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Vol: 11 • Issue: 08 • August 2021 [contribute] [archives]

IP editors, inclusiveness and empathy, cyclones, and world heritage

By: Tilman Bayer

"The Hidden Costs of Requiring Accounts: Quasi-Experimental Evidence From Peer Production"Edit

Wikipedia is unusual among user-generated content websites in that it allows contributions – even changes to widely read existing content – without creating an account, in exchange to contributors agreeing to have their IP address published alongside their edit. This has been a core feature since the project's beginnings, but has come to be questioned from several angles in recent years. In "The Hidden Costs of Requiring Accounts: Quasi-Experimental Evidence From Peer Production"[1], well-known Wikipedia researchers Benjamin Mako Hill and Aaron Shaw provide some insights on what might happen if IP editing were to be disabled on Wikimedia wikis. As they summarize in the abstract:

"We conduct an empirical test using longitudinal data from 136 natural experiments where would-be contributors to wikis were suddenly required to log in to contribute. Requiring accounts leads to a small increase in account creation, but reduces both high- and low-quality contributions from registered and unregistered participants. Although the change deters a large portion of low-quality participation, the vast majority of deterred contributions are of higher quality."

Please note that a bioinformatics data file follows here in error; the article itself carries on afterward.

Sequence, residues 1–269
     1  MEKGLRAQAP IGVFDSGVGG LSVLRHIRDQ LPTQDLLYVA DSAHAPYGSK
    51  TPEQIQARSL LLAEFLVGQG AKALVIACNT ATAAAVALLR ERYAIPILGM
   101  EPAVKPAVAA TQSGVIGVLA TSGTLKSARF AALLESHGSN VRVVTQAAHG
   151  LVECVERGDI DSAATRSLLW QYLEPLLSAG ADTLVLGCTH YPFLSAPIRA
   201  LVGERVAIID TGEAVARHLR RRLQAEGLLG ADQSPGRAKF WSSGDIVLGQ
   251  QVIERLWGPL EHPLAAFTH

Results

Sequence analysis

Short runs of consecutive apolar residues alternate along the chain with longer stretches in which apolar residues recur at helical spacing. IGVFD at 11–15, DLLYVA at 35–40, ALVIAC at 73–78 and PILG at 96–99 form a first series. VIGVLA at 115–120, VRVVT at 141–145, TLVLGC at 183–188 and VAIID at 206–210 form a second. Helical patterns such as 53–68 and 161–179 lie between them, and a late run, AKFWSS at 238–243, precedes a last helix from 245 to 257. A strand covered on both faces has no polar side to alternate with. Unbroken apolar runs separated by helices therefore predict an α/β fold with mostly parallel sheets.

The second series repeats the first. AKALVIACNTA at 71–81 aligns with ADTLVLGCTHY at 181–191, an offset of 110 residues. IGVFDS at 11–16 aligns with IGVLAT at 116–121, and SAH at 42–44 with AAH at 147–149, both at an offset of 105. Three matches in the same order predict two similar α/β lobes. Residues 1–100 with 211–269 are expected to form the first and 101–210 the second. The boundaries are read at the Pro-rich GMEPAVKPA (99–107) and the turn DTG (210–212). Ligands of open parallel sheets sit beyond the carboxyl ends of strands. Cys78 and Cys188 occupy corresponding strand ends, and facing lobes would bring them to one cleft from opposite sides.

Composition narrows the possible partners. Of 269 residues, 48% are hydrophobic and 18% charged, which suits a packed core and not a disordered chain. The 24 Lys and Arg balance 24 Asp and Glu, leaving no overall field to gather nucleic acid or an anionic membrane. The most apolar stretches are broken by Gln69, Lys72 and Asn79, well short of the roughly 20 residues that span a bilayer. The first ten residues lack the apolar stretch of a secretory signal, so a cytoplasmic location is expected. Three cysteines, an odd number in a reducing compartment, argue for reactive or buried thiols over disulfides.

These 136 wikis are drawn from a larger dataset from Wikia (today known as Fandom, a commercial wiki hoster co-founded by Wikipedia founder Jimmy Wales), consisting of wikis where local administrators had requested for IP editing to be disabled.

According to the paper's literature review (of general research on peer production),

"One body of prior studies argue that stable identifiers work as catalysts of cooperation by facilitating accountability, group identification, boundaries, and commitment that lead to higher quality participation. Others contend that requiring accounts imposes costly obstacles that deter participation. A related set of studies suggests that unregistered contributions may introduce diverse perspectives and stimulate activity among experienced community members ..."

Based on this, the authors come up with four hypotheses for the effects of requiring account registration:

  • "an increase in the number of newly registered accounts (H1)"